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Care of Wooden Floors epub download

by Will Wiles


The hall was light and airy, with pale wooden floors and icy white walls.

The hall was light and airy, with pale wooden floors and icy white walls. Two dark wooden doors were set into the wall to the right, like dominos on a bedspread, one halfway down, and the other near the far end. To the left was evidence of a refurbishment under Oskar’s direction: a long glass partition screening a large kitchen and dining area from the hallway. At its end, the hall opened out into the living area, which was demarcated by a single step down.

Care of Wooden Floors book. See a Problem? We’d love your help. A bold and brilliant debut from a darkly funny new voice  .

Читать бесплатно текст книги Care of Wooden Floors автора Will Wiles . Care of Wooden Floors. скачать книгу бесплатно. The east wall was one large bookcase, mostly filled with books but also seasoned with some objets. The kitchen was all aluminium and steel.

Care of Wooden Floors. Will Wiles Care of Wooden Floors. Everything must have been imported, I thought, considering the home-grown stuff I had seen at the airport.

Wiles is able to sustain the extreme dramatic tension through Anonymous’s interior monologue with its edge.

by. Will Wiles (Author). Find all the books, read about the author, and more. Are you an author? Learn about Author Central. Wiles is able to sustain the extreme dramatic tension through Anonymous’s interior monologue with its edge. Never once do we think this is going to end well; we keep turning pages to learn just how badly. But complementing Anonymous’ maudlin, existential narrative is one of the keenest senses of satire I’ve read. As keen as the master Jonathan Swift, but utterly contemporary.

There had been a noise in the flat, loud enough to rouse me, but it had no characteristics in my mind, having occurred in the wastes at the edge of sleep. What had happened? And now there were more noises – shuffling footsteps in the hall outside, a thump with a rattle of bottles.

A British copywriter house-sits at his composer friend Oskar’s ultra-modern apartment in a glum Eastern European city.

The dark, doomy humour of Care of Wooden Floors mixed with the fantastical, anarchic sense of possibility of The Way Inn, brought together in a fast moving story set in contemporary London. Jack Bick is an interview journalist at a glossy lifestyle magazine. A British copywriter house-sits at his composer friend Oskar’s ultra-modern apartment in a glum Eastern European city. The instructions are simple: Feed the cats, don’t touch the piano, and make sure nothing damages the priceless wooden floors.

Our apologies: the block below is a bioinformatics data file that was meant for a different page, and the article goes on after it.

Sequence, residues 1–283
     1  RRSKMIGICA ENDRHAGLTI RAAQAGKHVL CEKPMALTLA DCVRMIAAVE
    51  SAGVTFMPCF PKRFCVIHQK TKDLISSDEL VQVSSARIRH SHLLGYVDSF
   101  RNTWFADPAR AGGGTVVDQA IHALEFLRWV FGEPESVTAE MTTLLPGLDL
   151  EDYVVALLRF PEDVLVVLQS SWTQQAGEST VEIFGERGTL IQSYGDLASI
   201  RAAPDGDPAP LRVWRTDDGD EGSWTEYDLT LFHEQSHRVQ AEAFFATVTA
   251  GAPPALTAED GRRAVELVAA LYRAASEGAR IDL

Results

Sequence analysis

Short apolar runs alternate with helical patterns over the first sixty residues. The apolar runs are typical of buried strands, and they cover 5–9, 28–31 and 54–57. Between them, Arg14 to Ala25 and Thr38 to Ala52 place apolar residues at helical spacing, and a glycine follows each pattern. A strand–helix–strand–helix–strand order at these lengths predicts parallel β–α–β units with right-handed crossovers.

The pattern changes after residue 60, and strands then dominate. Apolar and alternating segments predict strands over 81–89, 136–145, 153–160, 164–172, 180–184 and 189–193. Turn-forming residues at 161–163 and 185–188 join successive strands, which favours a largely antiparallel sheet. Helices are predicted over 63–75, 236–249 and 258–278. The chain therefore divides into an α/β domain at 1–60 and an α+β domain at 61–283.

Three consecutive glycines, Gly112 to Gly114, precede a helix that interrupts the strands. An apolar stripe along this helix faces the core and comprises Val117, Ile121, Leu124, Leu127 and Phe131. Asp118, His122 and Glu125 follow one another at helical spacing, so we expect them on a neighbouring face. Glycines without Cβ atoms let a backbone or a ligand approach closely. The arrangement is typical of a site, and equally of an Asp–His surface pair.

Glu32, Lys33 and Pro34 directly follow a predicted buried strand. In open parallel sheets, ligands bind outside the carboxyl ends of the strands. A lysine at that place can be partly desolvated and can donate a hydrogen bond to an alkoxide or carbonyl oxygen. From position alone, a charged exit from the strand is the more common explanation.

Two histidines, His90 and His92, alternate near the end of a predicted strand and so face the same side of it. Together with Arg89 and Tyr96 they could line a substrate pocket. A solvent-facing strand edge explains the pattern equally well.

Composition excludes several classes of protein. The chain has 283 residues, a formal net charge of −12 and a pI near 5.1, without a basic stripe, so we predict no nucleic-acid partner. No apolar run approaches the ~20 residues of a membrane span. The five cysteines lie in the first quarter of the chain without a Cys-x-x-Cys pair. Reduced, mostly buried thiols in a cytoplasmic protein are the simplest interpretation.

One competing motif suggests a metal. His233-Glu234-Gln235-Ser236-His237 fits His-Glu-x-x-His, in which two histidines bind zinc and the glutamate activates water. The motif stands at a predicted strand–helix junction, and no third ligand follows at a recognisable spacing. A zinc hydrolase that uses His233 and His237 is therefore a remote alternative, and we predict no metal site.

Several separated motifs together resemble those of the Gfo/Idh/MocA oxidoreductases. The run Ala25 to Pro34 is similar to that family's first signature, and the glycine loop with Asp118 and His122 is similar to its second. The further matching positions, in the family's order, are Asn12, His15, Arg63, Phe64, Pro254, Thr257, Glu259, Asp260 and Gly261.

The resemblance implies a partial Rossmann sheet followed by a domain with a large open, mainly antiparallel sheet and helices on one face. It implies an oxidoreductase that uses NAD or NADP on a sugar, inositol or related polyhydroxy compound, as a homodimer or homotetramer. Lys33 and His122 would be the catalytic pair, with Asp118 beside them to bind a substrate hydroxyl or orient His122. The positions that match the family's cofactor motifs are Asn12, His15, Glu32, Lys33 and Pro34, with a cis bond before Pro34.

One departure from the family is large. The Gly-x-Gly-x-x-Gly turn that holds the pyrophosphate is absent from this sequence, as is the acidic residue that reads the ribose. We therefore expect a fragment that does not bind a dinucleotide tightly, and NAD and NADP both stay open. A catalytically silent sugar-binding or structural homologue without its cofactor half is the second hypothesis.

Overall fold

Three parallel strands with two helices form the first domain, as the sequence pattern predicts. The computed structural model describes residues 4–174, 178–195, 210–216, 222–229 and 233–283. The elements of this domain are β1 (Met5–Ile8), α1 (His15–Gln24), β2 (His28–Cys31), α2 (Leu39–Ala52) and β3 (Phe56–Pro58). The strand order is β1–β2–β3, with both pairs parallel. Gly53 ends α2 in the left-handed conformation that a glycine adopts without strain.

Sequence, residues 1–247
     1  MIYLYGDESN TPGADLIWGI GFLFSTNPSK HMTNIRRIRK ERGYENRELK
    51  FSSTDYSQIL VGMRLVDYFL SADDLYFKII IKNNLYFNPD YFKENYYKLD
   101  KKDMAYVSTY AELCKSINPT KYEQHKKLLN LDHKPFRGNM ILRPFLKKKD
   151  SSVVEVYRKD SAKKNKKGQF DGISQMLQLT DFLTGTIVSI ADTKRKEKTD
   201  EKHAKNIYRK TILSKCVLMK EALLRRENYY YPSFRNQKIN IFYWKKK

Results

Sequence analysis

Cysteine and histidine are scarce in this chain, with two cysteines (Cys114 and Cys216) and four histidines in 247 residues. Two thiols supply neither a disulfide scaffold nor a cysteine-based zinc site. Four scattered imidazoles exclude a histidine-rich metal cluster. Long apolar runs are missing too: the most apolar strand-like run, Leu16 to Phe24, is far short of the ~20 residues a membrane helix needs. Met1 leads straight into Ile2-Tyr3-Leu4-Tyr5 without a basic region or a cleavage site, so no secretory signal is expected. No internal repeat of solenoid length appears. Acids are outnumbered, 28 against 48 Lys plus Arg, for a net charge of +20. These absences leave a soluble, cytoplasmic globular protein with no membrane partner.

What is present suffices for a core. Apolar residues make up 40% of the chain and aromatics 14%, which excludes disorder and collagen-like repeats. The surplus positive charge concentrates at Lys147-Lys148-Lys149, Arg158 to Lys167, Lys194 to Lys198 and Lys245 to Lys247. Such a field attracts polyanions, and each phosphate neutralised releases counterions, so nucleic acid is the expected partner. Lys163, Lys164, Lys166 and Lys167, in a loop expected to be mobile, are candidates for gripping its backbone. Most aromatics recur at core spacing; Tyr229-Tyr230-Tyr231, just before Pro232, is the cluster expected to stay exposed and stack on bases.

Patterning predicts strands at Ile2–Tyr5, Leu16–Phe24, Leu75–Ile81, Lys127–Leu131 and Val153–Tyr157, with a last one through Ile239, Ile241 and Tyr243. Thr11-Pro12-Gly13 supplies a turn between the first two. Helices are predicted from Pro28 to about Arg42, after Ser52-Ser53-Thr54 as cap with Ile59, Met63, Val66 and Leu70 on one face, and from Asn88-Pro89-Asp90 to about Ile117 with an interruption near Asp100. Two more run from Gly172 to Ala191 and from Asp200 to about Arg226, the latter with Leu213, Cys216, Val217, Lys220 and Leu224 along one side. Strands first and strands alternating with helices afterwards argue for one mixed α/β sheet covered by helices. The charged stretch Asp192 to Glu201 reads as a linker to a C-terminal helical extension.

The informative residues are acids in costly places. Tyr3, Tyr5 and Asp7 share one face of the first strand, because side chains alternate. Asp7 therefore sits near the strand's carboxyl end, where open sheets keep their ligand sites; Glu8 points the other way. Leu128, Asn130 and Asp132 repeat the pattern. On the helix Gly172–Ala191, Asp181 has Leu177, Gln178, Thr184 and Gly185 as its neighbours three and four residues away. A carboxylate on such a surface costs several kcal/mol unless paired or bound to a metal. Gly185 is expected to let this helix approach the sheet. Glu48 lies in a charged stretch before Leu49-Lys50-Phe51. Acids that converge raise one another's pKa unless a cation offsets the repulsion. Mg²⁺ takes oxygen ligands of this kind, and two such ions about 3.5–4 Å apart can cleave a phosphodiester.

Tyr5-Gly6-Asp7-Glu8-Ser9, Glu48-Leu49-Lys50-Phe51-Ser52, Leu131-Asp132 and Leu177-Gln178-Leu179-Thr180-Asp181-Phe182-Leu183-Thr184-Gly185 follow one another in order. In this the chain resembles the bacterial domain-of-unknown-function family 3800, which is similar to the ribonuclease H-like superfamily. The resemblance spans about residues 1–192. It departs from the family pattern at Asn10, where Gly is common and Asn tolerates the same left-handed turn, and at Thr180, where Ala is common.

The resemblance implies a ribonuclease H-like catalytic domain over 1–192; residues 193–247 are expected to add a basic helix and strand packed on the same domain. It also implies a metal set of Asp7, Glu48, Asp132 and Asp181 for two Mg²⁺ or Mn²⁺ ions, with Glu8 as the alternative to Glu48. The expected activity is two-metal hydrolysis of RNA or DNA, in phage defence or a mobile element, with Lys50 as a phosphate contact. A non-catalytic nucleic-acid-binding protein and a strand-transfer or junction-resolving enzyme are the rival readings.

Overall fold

Care of Wooden Floors is about how a tiny oversight can trip off a disastrous and farcical (fatal, even) chain of consequences. It's about a friendship between two men who don't know each other very well. It's about alienation and being alone in a foreign city

Care of Wooden Floors is about how a tiny oversight can trip off a disastrous and farcical (fatal, even) chain of consequences. It's about alienation and being alone in a foreign city. It's about the quest for perfection and the struggle against entropy. And it is, a little, about how to take care of wooden floors. Oskar is a Mittel-European minimalist composer best known for a piece called "Variations on Tram Timetables.

A bold and brilliant debut from a darkly funny new voice. Oskar is a minimalist composer best known for a piece called Variations on Tram Timetables. He is married to a Californian art dealer named Laura and he lives with two cats, named after Russian composers, in an Eastern European city. But this book isn't really about Oskar. Oskar is in Los Angeles, having his marriage dismantled by lawyers. He has entrusted an old university friend with the task of looking after his cats, and taking care of his perfect, beautiful apartment. Despite the fact that Oskar has left dozens of surreally detailed notes covering every aspect of looking after the flat, things do not go well. Care of Wooden Floors is about how a tiny oversight can trip off a disastrous and farcical (fatal, even) chain of consequences. It's about a friendship between two men who don't know each other very well. It's about alienation and being alone in a foreign city. It's about the quest for perfection and the struggle against entropy. And it is, a little, about how to take care of wooden floors.

Care of Wooden Floors epub download

ISBN13: 978-0007424436

ISBN: 0007424434

Author: Will Wiles

Category: Literature and Fiction

Subcategory: Contemporary

Language: English

Publisher: HarperCollins Publishers; First Edition edition (February 1, 2012)

Pages: 304 pages

ePUB size: 1925 kb

FB2 size: 1642 kb

Rating: 4.8

Votes: 466

Other Formats: lrf azw mobi doc

Related to Care of Wooden Floors ePub books

Cobyno
Disclaimer: You should not read this book if you have any particular sensitivities about felines succumbing to gruesome household accidents.

This was a strange novel--unlike any other I've read. An unnamed narrator shows up in an unnamed post-communist country to housesit for a friend named Oskar. Before he left town, Oskar hid obsessively-detailed notes concerning the maintenance of his apartment and especially, the care of the exotic wooden floors. (Oskar never appears in person, but his character dominates the story.) Oskar's concealed instructions are amusing and it is instantly, painfully obvious that no one could properly maintain Oskar's apartment. The casual, sloppy and somewhat oafish narrator doesn't stand a chance.

The book itself is well-written, and the story is curiously dark and farcical at the same time. The narrator's stream-of-consciousness can only be described an understated and I laughed out loud more than once. My only complaint is that the novel seemed a little too long. A handful of excessively-described, over-the-top incidents made the story drag in a few places. But even the parts that were unnecessary were sprinkled with funny and witty asides. Example: While walking into a strip club, the narrator observes "Under the spotlight was a stage, on the stage was a pole, and on the pole was a girl. On the girl was very little . . . I marveled at the male body's ability to feel disgust and desire in equal measure and its pulsing tempo of shame and shamelessness. A sexual guidance computer was competing with me for sovereignty over my inner controls." The stream-of-consciousness style teetered on tiresome, but was overcome by a story that is entertaining and insightful and darkly funny. This one deserves three-and-a-half stars.